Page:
Telstra makes first investment in China

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Telstra, Australia’s dominant telecommunications company, on Thursday made its first investment in mainland China by buying a majority stake in SouFun, the leading Chinese real estate website, for A$254m.

The purchase underlines the need for Telstra to look for growth opportunities outside its domestic market, where it is facing mounting competition and falling revenues in its fixed-lined telephony business. Telstra will fold SouFun into its Sensis advertising and directories business, which is seen as a driver of growth.

It also comes as the Australian government prepares to divest its remaining 51.8 per cent stake in Telstra, partly through a A$8bn public offering.

Sol Trujillo, chief executive, said that the purchase of 51 per cent of SouFun was “an attractive entry point into China” that would hopefully generate “other opportunities.” Separately, he also said on Thursday that Telstra was “monitoring” plans by Telecom New Zealand to divest its yellow pages business.

The deal for SouFun, which generates most of its revenue from online display advertising, is the second under Mr Trujillo, who took the helm of Telstra in July of last year. In December, Telstra agreed to a merger of its Hong Kong wireless unit with another local company.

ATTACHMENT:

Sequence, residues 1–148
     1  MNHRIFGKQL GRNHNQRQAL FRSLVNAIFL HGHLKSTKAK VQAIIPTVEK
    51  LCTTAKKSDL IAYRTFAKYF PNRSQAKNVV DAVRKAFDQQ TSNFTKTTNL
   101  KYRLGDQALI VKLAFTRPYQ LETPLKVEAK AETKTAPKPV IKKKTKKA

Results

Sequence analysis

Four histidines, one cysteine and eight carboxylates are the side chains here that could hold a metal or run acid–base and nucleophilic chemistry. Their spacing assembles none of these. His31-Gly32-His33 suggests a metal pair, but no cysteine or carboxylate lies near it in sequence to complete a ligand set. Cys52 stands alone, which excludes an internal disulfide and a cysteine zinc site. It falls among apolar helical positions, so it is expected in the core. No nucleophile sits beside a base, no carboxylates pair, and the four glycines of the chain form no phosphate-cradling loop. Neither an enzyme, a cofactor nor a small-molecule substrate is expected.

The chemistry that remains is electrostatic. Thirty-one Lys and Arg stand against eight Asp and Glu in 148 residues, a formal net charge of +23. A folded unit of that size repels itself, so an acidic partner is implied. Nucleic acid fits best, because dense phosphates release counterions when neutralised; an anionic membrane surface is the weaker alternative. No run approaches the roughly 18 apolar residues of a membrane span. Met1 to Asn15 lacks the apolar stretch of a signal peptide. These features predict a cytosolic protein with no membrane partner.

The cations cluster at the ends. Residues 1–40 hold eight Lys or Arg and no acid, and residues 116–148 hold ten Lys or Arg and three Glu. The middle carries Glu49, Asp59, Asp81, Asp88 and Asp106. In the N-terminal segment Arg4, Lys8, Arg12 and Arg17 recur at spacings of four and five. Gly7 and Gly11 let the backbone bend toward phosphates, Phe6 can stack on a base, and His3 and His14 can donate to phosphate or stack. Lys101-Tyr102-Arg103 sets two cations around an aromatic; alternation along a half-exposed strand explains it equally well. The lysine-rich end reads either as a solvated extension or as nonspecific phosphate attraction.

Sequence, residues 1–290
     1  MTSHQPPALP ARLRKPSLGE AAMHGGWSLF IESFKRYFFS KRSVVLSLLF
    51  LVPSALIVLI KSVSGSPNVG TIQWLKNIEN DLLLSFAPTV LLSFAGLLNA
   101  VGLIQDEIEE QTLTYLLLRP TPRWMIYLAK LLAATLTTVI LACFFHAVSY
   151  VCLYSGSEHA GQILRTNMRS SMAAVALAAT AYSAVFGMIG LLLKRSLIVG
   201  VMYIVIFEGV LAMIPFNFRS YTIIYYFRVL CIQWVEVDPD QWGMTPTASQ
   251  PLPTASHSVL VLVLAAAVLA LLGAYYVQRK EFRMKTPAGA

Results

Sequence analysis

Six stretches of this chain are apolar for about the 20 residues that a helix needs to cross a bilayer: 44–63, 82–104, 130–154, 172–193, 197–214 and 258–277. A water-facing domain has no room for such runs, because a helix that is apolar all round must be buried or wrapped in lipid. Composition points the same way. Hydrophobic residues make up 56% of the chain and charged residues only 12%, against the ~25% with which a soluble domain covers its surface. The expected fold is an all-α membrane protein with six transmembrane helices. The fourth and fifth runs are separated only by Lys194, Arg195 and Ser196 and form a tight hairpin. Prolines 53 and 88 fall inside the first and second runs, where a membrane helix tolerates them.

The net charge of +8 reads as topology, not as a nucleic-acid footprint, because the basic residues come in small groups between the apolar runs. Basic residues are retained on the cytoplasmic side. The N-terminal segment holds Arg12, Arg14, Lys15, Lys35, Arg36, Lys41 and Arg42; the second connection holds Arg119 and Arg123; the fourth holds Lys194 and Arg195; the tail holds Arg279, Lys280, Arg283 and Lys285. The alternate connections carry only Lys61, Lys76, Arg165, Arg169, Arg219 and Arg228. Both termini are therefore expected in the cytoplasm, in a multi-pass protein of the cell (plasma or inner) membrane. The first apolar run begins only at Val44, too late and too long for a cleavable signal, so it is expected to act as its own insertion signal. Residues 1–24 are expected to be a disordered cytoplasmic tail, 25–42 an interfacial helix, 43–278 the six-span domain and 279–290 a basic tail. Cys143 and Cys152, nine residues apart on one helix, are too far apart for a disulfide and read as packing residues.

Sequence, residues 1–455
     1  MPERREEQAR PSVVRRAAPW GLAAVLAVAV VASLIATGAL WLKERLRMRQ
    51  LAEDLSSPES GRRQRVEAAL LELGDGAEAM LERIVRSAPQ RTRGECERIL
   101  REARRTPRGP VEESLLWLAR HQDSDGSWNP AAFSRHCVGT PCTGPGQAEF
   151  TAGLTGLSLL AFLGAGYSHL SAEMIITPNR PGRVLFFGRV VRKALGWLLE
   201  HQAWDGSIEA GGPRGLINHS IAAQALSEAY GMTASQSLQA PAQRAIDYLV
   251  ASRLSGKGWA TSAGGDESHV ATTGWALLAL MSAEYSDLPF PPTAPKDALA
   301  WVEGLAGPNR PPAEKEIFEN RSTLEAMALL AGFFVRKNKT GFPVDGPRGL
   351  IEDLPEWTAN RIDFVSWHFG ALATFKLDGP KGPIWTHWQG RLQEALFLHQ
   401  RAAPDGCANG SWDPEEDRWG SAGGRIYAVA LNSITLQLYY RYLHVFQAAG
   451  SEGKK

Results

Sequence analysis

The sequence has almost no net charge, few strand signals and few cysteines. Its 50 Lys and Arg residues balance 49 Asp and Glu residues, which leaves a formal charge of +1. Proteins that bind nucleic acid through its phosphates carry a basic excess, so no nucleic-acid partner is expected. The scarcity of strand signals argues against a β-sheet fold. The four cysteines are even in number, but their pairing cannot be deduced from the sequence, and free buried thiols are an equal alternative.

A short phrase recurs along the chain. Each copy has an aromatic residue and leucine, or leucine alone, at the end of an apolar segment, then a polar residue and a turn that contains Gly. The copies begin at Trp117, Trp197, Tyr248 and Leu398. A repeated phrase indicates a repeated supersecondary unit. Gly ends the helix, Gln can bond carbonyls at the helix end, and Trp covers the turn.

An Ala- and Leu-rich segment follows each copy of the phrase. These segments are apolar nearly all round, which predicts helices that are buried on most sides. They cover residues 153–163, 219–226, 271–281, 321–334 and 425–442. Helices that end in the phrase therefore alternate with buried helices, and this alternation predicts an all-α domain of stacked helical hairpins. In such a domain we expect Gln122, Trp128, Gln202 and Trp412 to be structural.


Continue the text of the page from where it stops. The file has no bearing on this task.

To help fund the SouFun transaction, Telstra agreed on Thursday to sell a domestic pension services subsidiary to Pacific Equity Partners, the Australian private equity firm, for A$215m. As a result, Telstra said the SouFun deal would represent a cash outflow of only A$91.5m.

Telstra said it was buying a company that is profitable, cash flow positive, and set to add A$52m to its revenues in the coming year and boost earnings per share in the third year.

John Stanhope, chief financial officer, said the fact that the Chinese takeover was coupled with a domestic divestment meant that it was “easily within the financial capacity of the company while we continue our transformation.”

He also said the business was self-funding and would therefore not require additional money from Telstra as it continued to expand across China.

Founded in 1999 by Vincent Mo, SouFun initially focused on four cities, but has since developed its real estate coverage to 40 cities. Mr Trujillo said its online audience of 40m unique users per month and its 4,500 advertisers made SouFun “a global online success story.”

Mr Trujillo also noted that China’s real estate sales represented last year about 7 per cent cent of the country’s gross domestic product.

Mr Mo has agreed to stay with his company for at least three years.

Separately, John Fairfax, the Australian media group that is also seen as a potential bidder for the New Zealand yellow pages business, reported on Thursday that net profit in the last fiscal year fell 7 per cent to A$227.45m, as revenues from advertising declined.

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